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A drunken brawl in "Tacuinum Sanitatis."
A drunken brawl in “Tacuinum Sanitatis.”

In our minds, we all have a good idea of what a typical chair, table, stool, desk or workbench looks like and how these pieces are built. But today I’d like to take you on a brief trip to the Middle Ages when furniture was built using different principles.

Oh sure, tables and chairs still have legs, but the number of legs and how the pieces are assembled is – if you look close – quite a departure from what we do today.

For the last five years, I’ve been studying “staked furniture,” which is a type of furniture made with a conical, back-wedged mortise-and-tenon joint. Today this joint is used in some chairs, but in the 14th century it was used for a wide variety of pieces.

Because Value City Furniture and Ikea didn’t issue catalogs in the Middle Ages, I’ve been relying on hundreds of images from illuminated manuscripts. One of my favorite sources has been the “Tacuinum Sanitatis,” a widely reprinted book on health and food in the Middle Ages that curiously spanned both Eastern and Western cultures.

The “Tacuinum Sanitatis” is filled with images of household and work furniture. And if you were breezing through the book you might not spot the oddities. Rather than spoil the discovery for you, I encourage you to visit this fantastic board on Pinterest that is maintained by Henk T. Jong. Here you will find hundreds of images from many different editions.

Take a close look at the furniture and think: How did they build that?


I’m in the middle of building two dining tables from the “Tacuinum Sanitatis” and it has been a very odd experience. So odd that I haven’t been blogging about it because I’m not ready to answer the inevitable flood of questions (and criticisms) from readers.

By the way, if this sort of weirdness interests you, I’m giving a talk on it at Woodworking in America this fall in Kansas City, Mo. Read more details on the fantastic lineup here. Details on the event itself are at the Woodworking in America site.

— Christopher Schwarz

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Showing 6 comments
  • Russ T Munn


    The table in the brawl has 5 legs, how can that be suited to uneven ground??
    Even so, your research has opened yet another door for my curiosity to explore as I add to my choices for creating pieces!!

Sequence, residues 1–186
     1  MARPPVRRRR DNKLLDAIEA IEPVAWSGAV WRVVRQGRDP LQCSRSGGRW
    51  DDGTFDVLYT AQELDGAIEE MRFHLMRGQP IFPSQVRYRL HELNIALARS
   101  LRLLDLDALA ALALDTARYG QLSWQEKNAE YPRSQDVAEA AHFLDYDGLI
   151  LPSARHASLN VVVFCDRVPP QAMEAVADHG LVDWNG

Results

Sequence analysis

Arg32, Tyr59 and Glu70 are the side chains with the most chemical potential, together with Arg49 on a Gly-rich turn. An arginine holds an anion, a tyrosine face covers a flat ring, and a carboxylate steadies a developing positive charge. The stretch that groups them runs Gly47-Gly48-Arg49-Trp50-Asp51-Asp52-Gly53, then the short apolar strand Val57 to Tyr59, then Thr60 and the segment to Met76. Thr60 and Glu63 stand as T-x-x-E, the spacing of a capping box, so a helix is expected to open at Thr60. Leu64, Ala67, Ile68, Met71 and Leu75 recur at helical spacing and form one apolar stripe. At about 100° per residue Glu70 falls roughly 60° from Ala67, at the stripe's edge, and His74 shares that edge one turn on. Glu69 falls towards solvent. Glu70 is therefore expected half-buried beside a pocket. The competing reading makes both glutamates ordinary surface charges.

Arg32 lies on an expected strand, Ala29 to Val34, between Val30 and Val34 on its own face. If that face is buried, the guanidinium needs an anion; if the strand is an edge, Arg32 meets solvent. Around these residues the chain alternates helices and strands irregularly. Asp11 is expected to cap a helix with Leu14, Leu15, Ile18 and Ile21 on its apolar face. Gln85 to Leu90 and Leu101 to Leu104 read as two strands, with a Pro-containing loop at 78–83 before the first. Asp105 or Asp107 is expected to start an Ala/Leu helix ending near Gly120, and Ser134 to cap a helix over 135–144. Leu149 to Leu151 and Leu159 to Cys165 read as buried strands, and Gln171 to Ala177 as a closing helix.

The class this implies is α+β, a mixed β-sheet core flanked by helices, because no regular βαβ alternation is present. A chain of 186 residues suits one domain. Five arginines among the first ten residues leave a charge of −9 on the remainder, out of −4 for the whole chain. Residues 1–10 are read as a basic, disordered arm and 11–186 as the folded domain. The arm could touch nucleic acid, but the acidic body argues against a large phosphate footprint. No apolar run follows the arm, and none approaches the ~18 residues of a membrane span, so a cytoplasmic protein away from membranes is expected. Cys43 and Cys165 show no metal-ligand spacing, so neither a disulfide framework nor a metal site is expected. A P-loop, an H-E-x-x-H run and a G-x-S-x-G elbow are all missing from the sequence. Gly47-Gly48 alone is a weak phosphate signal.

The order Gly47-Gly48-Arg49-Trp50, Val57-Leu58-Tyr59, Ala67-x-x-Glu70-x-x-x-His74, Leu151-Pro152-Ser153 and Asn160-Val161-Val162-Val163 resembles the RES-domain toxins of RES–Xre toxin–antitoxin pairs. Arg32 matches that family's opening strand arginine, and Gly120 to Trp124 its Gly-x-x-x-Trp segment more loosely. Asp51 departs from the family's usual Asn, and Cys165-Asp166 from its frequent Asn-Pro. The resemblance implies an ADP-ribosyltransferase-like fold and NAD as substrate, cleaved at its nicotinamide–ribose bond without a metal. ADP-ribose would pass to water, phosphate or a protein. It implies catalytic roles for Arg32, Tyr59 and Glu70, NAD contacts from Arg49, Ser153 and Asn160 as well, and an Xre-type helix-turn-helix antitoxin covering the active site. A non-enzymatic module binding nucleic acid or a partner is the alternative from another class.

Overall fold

Top stuff

  • Jennie Alexander

    Jennie here
    The table sketched sits upon two three legged trestles. that are only decorated in the Hall. In Medieval images it seems to occur frequently in dining scenes. Apparently break down furniture was often used in the multi purpose Great Hall. That explains the trestles. The three legs are a nifty solution. The diners sit on one side of the table, the side where each trestle has one comfortable leg. The table was served from the other side where the trestle’s two legs do not interfere. Also the three legged trestles will sit firmly on an uneven wood or stone floor. If a leaning trestle did not meet the flat table, I suspect they placed the Medieval version of the folded matchbook between the two. I have two three legged trestles around the house. I made them to see if they worked. I got the idea from the Shakers who used them. Not very handy for today’s table sat upon on all four sides. I used them for a book table against a wall with the single legs in the room. I bet waiters today would like three legged trestle one sided tables. Today they serve from behind the patron. (Notice the word “patron.”) I tell you that is tricky business. Chris? What are you going to do with your three legged trestles?

  • kampwood

    There’s two guys fighting in the back ground, red cups all over the table, a keg, and guys wearing toga related garb. The middle ages were a frat based culture!

  • wesleyb

    It is St. Patrick’s Day, and I’m reading this post after taking a half day off work and spending a couple hours watching folk music and Irish Step Dancing at a local Irish pub, but looking at the first few dozen photos, was it common to put the joinery into boards that ran underneath the tables, rather than the tables themselves?

    I could imagine some advantage to this, in the interest of longevity. Once the top saw too much abuse you could replace it, and re-use the legs/joinery (saving on the amount of skilled labor necessary).

    Or that could be the Guinness talking. In some photos it is clear that the joinery goes into the surface proper that we see. Other places we see clearly that the legs are attached to a piece that runs underneath the surface of the table.

  • robert

    Are they really drinking out of red Solo cups?

  • Shawn Nichols

    Ah, the early flip cup table. I have a great idea for college furniture. Thanks Chris.


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